Lack of communication
Although still in the early phases of its implementation, Strateco's efforts to engage the community since the signing of the CIA have not been, and remain out of synch with the community's expectations. « We signed a Communication and Information Agreement with Strateco in December in good faith, in order to give them the opportunity to do what they should have been doing since 2006 : to address my people's concerns with this project. Nothing, however has changed since the signing of the agreement. Strateco does not have and has never had our support for the Matoush project despite what they may have announced to their investors », said Chief Shecapio.
Uranium mining is not locally accepted in Eeyou Istchee. It was standing room only in the arena where the June 5th hearing was held with community members unable to attend tuning in from home and work to listen to the proceedings on the local FM radio.
« Strateco Resources is far from having the Cree Nation of Mistissini's consent to proceed with this project. We hope for the recognition and respect of our community's concerns and position by the Commission Tribunal in taking its final decision on the issuance of a license to Strateco Resources », concluded Richard Shecapio.
About the Cree Nation of Mistissini
The Cree Nation of Mistissini is one of the largest Cree communities of the James Bay Crees of Quebec, Canada, and is situated at the southeast end of Mistassini Lake. The Council of Mistissini consists of a Chief, a Deputy Chief and seven elected Councillors.
Clarification re. Cree Moratorium on Uranium
In a recent message forwarded from the Saskatchewan-based
Committee for Future Generations, sent just a few hours ago,
there was a bit of confusion with regard to the Cree moratorium
on uranium in Quebec.
Although the Cree Nation of Mistissini was courageously ahead
of the uranium issue by opposing uranium development in their
own backyard, the "nationalization" of this issue was due to the
action of the Grand Council of the Crees, at the request of
Mistissini and other Cree entities.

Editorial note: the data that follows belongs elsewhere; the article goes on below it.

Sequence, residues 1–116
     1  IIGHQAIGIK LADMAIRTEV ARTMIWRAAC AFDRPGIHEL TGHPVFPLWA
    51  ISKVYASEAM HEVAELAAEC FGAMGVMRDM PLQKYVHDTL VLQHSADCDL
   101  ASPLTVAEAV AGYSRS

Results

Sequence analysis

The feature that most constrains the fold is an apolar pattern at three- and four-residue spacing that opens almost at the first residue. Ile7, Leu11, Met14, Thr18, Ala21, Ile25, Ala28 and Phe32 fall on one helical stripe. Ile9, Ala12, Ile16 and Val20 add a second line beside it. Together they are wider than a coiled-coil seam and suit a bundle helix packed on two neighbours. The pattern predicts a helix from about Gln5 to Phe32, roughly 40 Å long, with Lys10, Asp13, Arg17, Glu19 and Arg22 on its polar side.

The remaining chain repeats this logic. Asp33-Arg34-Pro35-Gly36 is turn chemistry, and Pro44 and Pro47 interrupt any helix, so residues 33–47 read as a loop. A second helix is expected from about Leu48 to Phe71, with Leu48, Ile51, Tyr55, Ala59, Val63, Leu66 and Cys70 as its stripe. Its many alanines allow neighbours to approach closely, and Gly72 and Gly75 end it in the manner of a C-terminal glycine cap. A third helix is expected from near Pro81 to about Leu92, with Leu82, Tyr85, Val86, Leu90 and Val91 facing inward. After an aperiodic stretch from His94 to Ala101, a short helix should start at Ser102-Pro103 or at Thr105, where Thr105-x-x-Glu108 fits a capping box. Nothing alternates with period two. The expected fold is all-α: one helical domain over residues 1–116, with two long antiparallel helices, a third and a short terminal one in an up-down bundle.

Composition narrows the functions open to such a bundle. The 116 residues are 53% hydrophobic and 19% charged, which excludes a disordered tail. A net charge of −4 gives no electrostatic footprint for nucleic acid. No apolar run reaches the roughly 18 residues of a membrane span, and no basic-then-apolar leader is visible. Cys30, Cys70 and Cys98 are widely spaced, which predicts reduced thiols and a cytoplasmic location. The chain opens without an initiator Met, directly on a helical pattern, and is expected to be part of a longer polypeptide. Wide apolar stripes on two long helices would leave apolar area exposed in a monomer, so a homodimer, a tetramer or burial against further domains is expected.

The Grand Council -- which represents all ten Cree communities
-- is the body that enacted the Cree permanent moratorium in all
of Eeyou-Istchee (the extensive Cree territory spanning much of
The Grand Council of the Crees is now engaged in diplomacy,
litigation, advocacy and other efforts to implement and secure that
permanent Cree moratorium. It appears that the Quebec government
has not been entirely respectful with the Cree Nation in the mandate
given to the BAPE (Bureau des audience publiques sur l'environnement.
Office of Public Hearings on the Environment) to hold "generic" hearings
on the environmental impacts of uranium mining in the province, given
that the BAPE does not have jurisdiction in Cree territory.
See the Grand Council statement of March 28, 2013:
For an eloquent formulation of the Cree position, you can view the
statement made by Shawn Iserhoff, Youth Chief of the Cree, at the
March 11 2013 media conference in Quebec City.
Thanks to friends of CCNR for helping with these clarifications.
Association of First Nations of Quebec and Labrador
The AFNQL strongly objects to the
exploration and mining of uranium
Press Release from AFNQL, April 1, 2013
Wendake, QC, March 28, 2013 – Assembled in the Abenaki community of Odanak on March 13 2013, the Chiefs of the AFNQL adopted a resolution which strongly and definitively opposes the exploration and exploitation of uranium.
“The exploration and exploitation of uranium constitute major and irreversible health hazards to our populations, our territories and the resources it contains. The First Nations have the most sacred duty to protect their populations, their territories and their resources”, stated Ghislain Picard, Chief of the AFNQL.
“I also encourage all the First Nations to clearly and publicly demonstrate their opposition to the exploration and exploitation of uranium on their territories”, concluded Chief Picard.
The AFNQL supports the coalition of more than 300 localities throughout Quebec calling for a moratorium on the exploration and exploitation of uranium.
About the AFNQL
The AFNQL is the regional organization regrouping the
43 Chiefs of the First Nations of Quebec and Labrador.
For information: www.apnql-afnql.com.
For further information:
Tel. : (418) 842-5020
Cell : (418) 580-4442